Three creative ways to hire top talent
By Joe Capp, director of talent acquisition.
Are recruitment issues putting the brakes on your business? Are you struggling to attract talented employees who can help accelerate business growth and innovate for the future?
Recruiting challenges are understandable in today’s marketplace, where unemployment rates remain lower than at any time since the close of President Lyndon B. Johnson’s term in 1969. But understandable doesn’t mean inevitable.
If your business is attracting lack-luster talent — while others seem to snatch up superstars — it may be worth considering their recruitment tactics. Let’s explore the strategies of several notable companies that have demonstrated an ability to attract and retain highly qualified employees through three creative recruitment and retention initiatives.
1. Lead with culture
Is your company a place where people want to work? Or is it just someplace for up-and-coming talent to cool their heels until they find greener pastures? Remember, Millennials have fewer kids and less promise of a pension. Even if they have to work, they don’t have to work anywhere in particular.
Companies that win the corporate culture game take different, creative approaches to foster an attractive work environment that makes it clear 1) their work is valued and 2) their work is valuable.
When approaching how to create a corporate culture, you can take a riskier but potentially more rewarding approach to corporate culture by prioritizing results, not performance. In this approach, management sets high expectations but gives employees generous benefits such as unlimited holidays.
Another approach is to recruit from the heart, offering opportunities for veterans and recent college grads who want to make a difference that is in line with your corporate values. Ask yourself why what your company does matters. Once you understand it, make sure every employee from the VP to the mail clerk knows it too.
2. Offer the best benefits
Recruitment isn’t rocket science. Offer the best incentives, and you may get the best employees.
You don’t even have to break the bank on large salaries or meticulous health plans if your budget doesn’t currently allow for this. Some of the best incentive innovation is coming from low-wage, low-skill labor markets in the form of education benefits. The Society for Human Resource Management’s 2017 Employee Benefits Survey found that “around 50 percent of employers offer some form of assistance for undergraduate degrees and 53 percent for graduate degrees.”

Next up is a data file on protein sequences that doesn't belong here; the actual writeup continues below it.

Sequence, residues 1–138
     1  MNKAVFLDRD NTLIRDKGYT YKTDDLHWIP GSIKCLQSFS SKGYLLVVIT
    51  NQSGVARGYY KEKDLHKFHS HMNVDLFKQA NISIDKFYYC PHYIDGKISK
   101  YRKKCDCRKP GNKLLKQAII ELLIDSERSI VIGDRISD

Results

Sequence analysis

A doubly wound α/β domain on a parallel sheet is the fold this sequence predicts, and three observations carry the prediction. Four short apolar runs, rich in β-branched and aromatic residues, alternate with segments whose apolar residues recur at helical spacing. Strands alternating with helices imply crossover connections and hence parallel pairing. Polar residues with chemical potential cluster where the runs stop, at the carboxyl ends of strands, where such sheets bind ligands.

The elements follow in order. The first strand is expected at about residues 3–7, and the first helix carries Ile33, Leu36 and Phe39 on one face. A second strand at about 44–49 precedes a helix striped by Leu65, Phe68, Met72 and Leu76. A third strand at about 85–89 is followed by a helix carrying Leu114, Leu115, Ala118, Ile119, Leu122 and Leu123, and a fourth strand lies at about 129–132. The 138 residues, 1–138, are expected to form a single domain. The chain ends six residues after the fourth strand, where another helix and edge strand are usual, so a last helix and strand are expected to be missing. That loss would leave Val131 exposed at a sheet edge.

Another incentivizing benefit to consider offering is a variety of educational benefits to employees through tuition loan assistance and scholarships, as well as professional development opportunities for continuing education and skill development opportunities. This way, employees can pursue their educational goals and enhance their careers through lifelong learning. You can achieve a net benefit as well, with a better-educated workforce.
3. Promote from within
In the post-World War II era of lifetime employment and pensions, 90 percent of all hires came from internal promotions and employee development. Today, only 28 percent of hiring comes from within.
With few resources devoted to employee development, employees feel no loyalty because their employers seem to have little loyalty to them. The result is a merry-go-round of turnover that leaves businesses perpetually hobbled.
The applicant funnel then becomes oversaturated with job opportunists, thus convoluting the interview process. Harvard Business Review agrees: “Recruiting and hiring consultants and vendors estimate that about two percent of applicants receive offers. Unfortunately, the main effort to improve hiring – virtually always aimed at making it faster and cheaper – has been to shovel more applicants into the funnel.”
Fantastic corporate culture and employee development investments, like educational advancements and creative incentives, make it easy for employees to buy-in for the long haul. The culture is so good that they want to stay, and the company’s investment in their development makes it worth their while to stay.
The advantages here are essentially limitless. You already know the person and have a solid grasp of their work ethic because you work with them every day. This move just makes sense, right?
Having led human resources, sales, marketing and operational functions as well as having served as president of two companies, it has been my experience that employees who have the mindset and ability to ‘figure it out’ make a greater impact on organizations than those who don’t.
As an employer, you need talented people to execute your vision. These creative strategies will help you rise above the competitive marketing place and attract the talent needed to grow your business.
Joe Capp joined University of Phoenix as the head of recruitment as a service in August of 2019. Prior to joining the organization, Joe served in human resources leadership positions at Vasa Fitness, Merieux NutriSciences, Publicis Lion Re:Sources and Dunkin’ Brands.